Shaadi (1962)

Shaadi isn’t one of the better films I’ve seen in recent times. In fact, it had some definitely irritating moments, and it called for more suspension of disbelief than is generally expected in Hindi films. On the other hand, it had quite a cast: Saira Banu, Manoj Kumar, Dharmendra, Indrani Mukherjee, Balraj Sahni, Om Prakash, Manorama, and others. Even more interestingly, it was Saira Banu’s second film and one of Dharmendra’s first few films. Overall bearable, especially since I didn’t have anything better to do.

Saira Banu in Shaadi

In a village called Belapur, the erudite but poor Ratan (Balraj Sahni) is labouring to provide a decent education for his younger brother Ramesh (Dharmendra), who’s studying for a law degree in Bombay. Ratan loves Ramesh so much, he even donates blood when he discovers he’ll be paid for it. Ratan’s wife Shanti (Sulochana Latkar) and younger sister Gauri (Saira Banu) are also rooting for Ramesh, so there’s much happiness all around when Ramesh tops his class as well as the region.

Gauri, Shanti and Ratan rejoicing

Ramesh’s success is also noticed by Judge Motilal (Raj Mehra), who decides he wants this young man as a groom for his only child, Kala (Indrani Mukherjee). Kala’s mother (Manorama) thinks it’s a silly idea (I agree; just because this guy did well in his exams doesn’t mean he’s good husband material), but Motilal ignores her. He goes off to Belapur to meet Ratan and Ramesh. Ramesh’s marriage to Kala is fixed, and Ratan tells the judge they want no dowry.

Judge Motilal fixes Ramesh's wedding with Kala

Ramesh and Kala get married and live with Kala’s parents. Everything is hunky-dory (hunky, at least: Dharmendra, though a bit of a spring chicken here, does look good!), and soon after, Judge Motilal goes off to London for a case. Ramesh handles his practice in his absence (this confused me a bit: how does a judge have a practice? A lawyer will, but a judge?). One day, he receives a visit from a client called Seth Daulatram (Om Prakash).

Seth Daulatram comes to meet Ramesh

Daulatram is greed personified: he lives for money. When he finds out who Ramesh is, he reveals that he once knew Ramesh’s now-dead father. He then goes on to ask for Gauri’s hand in marriage for his son Raja (Manoj Kumar). Ramesh suggests Daulatram talk to Ratan, so Daulatram scurries off to Belapur to meet Ratan.

Seth Daulatram meets Ratan

It now transpires that Daulatram, who knows Motilal’s stature and wealth, expected that Ratan had been given a massive dowry at Ramesh’s wedding. He faints when it turns out no dowry was given, but comes around when Ratan promises that he will give a dowry for Gauri. So the marriage is finalised (without Gauri or Raja having met) and Ratan starts making arrangements for the wedding—and incurring huge debts in the process.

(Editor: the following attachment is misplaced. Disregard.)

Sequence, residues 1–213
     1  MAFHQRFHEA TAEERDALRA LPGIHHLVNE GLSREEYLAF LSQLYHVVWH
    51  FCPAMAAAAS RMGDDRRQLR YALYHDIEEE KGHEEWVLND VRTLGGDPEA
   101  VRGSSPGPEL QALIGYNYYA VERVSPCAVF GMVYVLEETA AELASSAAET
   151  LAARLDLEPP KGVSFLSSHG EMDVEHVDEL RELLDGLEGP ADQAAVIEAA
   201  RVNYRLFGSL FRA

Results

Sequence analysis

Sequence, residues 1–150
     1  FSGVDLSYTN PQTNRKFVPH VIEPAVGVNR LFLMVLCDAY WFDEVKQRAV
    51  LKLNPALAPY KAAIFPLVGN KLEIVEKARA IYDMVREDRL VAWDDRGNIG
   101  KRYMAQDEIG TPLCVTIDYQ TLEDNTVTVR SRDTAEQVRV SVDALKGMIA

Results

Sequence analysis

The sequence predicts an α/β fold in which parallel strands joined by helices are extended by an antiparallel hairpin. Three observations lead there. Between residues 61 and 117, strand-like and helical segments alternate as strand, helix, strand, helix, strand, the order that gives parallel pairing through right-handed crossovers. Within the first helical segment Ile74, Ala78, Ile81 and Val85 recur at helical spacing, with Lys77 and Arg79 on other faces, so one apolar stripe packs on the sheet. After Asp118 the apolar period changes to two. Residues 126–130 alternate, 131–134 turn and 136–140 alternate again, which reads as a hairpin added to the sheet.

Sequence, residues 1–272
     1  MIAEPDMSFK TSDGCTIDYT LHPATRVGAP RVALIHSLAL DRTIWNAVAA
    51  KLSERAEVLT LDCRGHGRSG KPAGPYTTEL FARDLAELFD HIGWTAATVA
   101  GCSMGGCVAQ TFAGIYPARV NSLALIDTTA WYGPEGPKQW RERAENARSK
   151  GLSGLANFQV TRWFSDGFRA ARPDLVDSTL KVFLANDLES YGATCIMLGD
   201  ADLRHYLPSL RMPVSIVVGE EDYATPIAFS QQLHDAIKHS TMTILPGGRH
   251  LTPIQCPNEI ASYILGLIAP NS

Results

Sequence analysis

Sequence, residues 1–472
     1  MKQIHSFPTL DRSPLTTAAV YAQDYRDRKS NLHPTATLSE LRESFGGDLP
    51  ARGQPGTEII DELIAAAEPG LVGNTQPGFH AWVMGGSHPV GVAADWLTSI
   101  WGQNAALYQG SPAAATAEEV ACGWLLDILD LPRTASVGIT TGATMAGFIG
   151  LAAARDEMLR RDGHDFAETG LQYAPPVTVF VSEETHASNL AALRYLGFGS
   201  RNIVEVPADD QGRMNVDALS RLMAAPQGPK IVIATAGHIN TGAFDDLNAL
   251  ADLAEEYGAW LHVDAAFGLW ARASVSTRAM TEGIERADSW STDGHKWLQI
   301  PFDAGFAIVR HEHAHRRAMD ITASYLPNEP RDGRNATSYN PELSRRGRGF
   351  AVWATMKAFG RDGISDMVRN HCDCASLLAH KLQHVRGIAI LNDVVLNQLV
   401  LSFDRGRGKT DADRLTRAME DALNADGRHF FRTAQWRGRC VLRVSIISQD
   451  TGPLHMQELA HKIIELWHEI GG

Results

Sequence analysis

Ratan runs up debts arranging for Gauri's wedding

Ramesh, being Gauri’s brother, decides he must contribute Rs 10,000 for the wedding. Since he doesn’t have that much, he asks his mother-in-law for a loan. Harridan that she is, she refuses; but before the problem can be resolved, an urgent telegram arrives from London. Kala’s father is ill and needs immediate surgery, so can Ramesh please leave for England as soon as possible, with the required funds?
There’s only a week left before Gauri’s wedding; Ramesh is jittery, but finally decides that the only course open to him is to ask Kala to get the money from her father’s munshi and to go to Belapur. So, just in case he can’t make it, at least Ratan will get the money.

Ramesh discusses Gauri's wedding with Kala and her mother

But Ramesh hasn’t reckoned with his mother-in-law. She snatches the money from Kala and forbids her daughter from going to Belapur. Kala, weak-kneed wimp that she is, is easily cowed and acquiesces.
On the day of the wedding, Seth Daulatram is getting antsy and threatening Ratan that he’ll take away the baraat if the promised dowry of Rs 5,000 isn’t handed over immediately (shades of Beti here?). Ratan assures him that Ramesh will be arriving any moment with the money.

Ratan tries to placate Daulatram

At this point, things suddenly start falling apart. The first thing to disintegrate is Ramesh’s plane, which crashes into the sea (he’s rescued by passing boatmen, but nobody knows that for now). Since the dowry doesn’t arrive, Seth Daulatram pulls Raja up from the mandap—even though the rituals are over and Gauri is now legally Raja’s wife—and hustles the baraat off. With the baraat gone, all the people who’d given goods on credit to Ratan start pestering him.

Daulatram drags Raja and the baraat off

Ratan tries to commit suicide by lying down on the railway tracks, but is saved by Shanti and Gauri. He falls ill, and Gauri suggests they take him to Bombay. Shanti refuses—Ratan’s too weak to withstand the journey—and Gauri decides to go to Bombay on her own to fetch Ramesh.
In the meantime, Daulatram is pressurising Raja to get married to another girl. Raja insists he’s already married (to Gauri), and fed up with his father, goes off to Bombay to make a life for himself.

Raja mutinies and leaves for Bombay